Mongabay.com is a place for information and journalism that deals with both environmental and human issues. Rhett has been writing about poverty alleviation for years and has written several articles regarding the current food crisis.

I am currently in Guyana where the food crisis is drastically affecting the daily lives of the people. But it is not caused by a lack of palm oil, rather it is caused by climate change, rising oil prices, world population growth, high food consumption in wealthy nations and big developing nations like China, increasing consumption of meat around the world (which requires a lot more energy than grain), drought in places like Europe and Australia, and finally the conversion of many food crops into biofuels.

Biofuel crops like palm oil that are grown on deforested areas are not carbon-negative or carbon-neutral, but contributers to climate change. Their contribution to climate change and their use for energy rather than food hardly makes them heroes of the current food crisis.

I agree wholeheartedly with you that the world needs to wake up to the global food crisis and take immediate actions to help the millions in need. But large-scale deforestation, which you must remember also deeply affects people who live there and depend on the forest for their needs, is hardly the answer. More important would be curbing the appetite (both in food and energy) of the West, taking immediate action on climate change, increasing the use of alternative and effective energy, promoting local actions and empowerment (like increasing the importance of food gardens--as Guyana is doing), and immediate aid from the UN and wealthy nations.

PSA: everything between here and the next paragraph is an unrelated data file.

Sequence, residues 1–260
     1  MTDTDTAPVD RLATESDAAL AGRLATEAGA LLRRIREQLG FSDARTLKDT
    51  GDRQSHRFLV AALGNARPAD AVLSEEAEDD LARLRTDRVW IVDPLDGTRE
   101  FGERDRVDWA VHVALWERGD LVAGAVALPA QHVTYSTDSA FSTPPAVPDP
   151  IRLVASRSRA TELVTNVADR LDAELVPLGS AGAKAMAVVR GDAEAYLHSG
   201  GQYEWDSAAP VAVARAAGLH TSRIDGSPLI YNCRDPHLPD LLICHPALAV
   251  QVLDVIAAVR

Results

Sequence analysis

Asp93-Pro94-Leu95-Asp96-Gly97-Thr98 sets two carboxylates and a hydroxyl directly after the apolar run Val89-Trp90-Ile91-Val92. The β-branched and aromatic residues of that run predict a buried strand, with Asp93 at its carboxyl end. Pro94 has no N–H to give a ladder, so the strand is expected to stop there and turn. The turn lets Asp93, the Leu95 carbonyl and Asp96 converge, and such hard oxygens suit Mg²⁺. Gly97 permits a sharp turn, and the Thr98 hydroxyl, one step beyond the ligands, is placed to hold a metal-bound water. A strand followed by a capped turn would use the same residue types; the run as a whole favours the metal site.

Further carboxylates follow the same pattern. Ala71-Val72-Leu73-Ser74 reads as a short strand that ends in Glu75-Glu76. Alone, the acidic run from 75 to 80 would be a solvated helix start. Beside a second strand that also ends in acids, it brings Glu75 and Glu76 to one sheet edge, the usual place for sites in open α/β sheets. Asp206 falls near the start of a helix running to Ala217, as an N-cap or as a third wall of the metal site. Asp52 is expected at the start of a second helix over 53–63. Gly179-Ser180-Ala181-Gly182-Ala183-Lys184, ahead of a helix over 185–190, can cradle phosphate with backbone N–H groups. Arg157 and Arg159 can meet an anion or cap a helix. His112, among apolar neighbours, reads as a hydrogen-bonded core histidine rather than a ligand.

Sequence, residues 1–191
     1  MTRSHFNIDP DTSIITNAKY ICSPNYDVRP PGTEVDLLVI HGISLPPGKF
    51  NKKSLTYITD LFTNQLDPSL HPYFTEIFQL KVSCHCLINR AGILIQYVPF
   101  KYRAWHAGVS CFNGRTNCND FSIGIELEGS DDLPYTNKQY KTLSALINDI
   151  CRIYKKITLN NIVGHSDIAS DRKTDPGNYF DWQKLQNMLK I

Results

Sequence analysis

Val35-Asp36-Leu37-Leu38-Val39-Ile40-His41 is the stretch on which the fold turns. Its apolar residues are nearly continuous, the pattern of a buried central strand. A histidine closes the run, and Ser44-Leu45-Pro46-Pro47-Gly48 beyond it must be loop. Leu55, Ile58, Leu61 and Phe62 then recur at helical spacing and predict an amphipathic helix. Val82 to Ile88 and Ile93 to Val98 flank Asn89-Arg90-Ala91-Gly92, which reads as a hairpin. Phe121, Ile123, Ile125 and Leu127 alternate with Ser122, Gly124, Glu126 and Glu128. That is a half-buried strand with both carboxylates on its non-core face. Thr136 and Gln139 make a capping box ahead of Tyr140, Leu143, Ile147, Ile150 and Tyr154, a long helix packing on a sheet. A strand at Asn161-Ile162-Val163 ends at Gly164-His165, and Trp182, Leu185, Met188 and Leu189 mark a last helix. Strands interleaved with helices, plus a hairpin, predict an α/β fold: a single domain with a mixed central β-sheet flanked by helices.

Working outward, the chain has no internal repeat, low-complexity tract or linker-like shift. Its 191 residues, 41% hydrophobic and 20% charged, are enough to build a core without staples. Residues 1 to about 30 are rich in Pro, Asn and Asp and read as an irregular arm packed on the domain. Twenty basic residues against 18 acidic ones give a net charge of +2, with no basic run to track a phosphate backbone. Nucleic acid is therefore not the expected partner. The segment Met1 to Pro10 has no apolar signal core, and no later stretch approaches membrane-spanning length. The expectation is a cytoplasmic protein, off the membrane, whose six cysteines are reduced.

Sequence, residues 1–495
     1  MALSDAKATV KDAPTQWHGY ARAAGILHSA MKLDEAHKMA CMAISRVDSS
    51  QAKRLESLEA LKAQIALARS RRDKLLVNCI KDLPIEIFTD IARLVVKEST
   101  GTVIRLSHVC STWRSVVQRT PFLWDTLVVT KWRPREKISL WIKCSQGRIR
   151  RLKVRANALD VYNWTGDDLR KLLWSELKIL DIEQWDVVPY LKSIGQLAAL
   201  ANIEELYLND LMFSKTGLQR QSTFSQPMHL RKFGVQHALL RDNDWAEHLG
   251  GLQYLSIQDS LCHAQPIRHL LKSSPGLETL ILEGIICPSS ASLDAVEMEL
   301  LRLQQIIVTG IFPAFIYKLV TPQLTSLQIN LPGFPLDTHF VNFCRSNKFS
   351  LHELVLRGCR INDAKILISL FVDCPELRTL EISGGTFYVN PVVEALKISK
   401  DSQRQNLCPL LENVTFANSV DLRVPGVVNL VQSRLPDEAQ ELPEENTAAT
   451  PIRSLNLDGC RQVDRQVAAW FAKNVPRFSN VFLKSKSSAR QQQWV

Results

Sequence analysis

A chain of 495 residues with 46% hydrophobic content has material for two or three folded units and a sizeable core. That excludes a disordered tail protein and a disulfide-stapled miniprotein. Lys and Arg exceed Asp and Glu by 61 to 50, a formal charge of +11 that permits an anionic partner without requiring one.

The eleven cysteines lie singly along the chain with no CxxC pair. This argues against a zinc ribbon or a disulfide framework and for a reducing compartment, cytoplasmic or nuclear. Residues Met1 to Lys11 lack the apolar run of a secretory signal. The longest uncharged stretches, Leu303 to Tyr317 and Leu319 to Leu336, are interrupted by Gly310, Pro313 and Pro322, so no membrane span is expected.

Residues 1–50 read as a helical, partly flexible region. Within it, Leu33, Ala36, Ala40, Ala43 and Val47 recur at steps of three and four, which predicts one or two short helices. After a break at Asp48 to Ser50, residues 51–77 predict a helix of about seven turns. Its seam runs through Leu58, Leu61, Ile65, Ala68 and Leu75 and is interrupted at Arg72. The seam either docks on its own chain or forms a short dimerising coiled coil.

Poverty and environmental degradation actually go hand-in-hand. By working for a sustainable world, one also works for a more equal world.

Jeremy Hance

The Inconvenient Truth: Al Gore Exposed
by Ross Spencer

The world must embrace a "carbon-neutral lifestyle." So says Al Gore. To do otherwise, he says, will result in a cataclysmic catastrophe. "Humanity is sitting on a ticking time bomb," warns the website for his film, An Inconvenient Truth. "We have just 10 years to avert a major catastrophe that could send our entire planet into a tailspin."

Graciously, Gore tells consumers how to change their lives to curb their carbon-gobbling ways: Switch to compact fluorescent light bulbs, use a clothesline, drive a hybrid, use renewable energy, dramatically cut back on consumption. Better still, responsible global citizens can follow Gore's example, because, as he readily points out in his speeches, he lives a "carbon-neutral lifestyle." But if Al Gore is the world's role model for ecology, the planet is doomed.

For someone who says the sky is falling, he appears quite content to let it fall, if his conduct is any measure. He says he recycles and drives a hybrid. And he claims he uses renewable energy credits to offset the pollution he produces when using a private jet to promote his film. (In reality, Paramount Classics, the film's distributor, pays this.)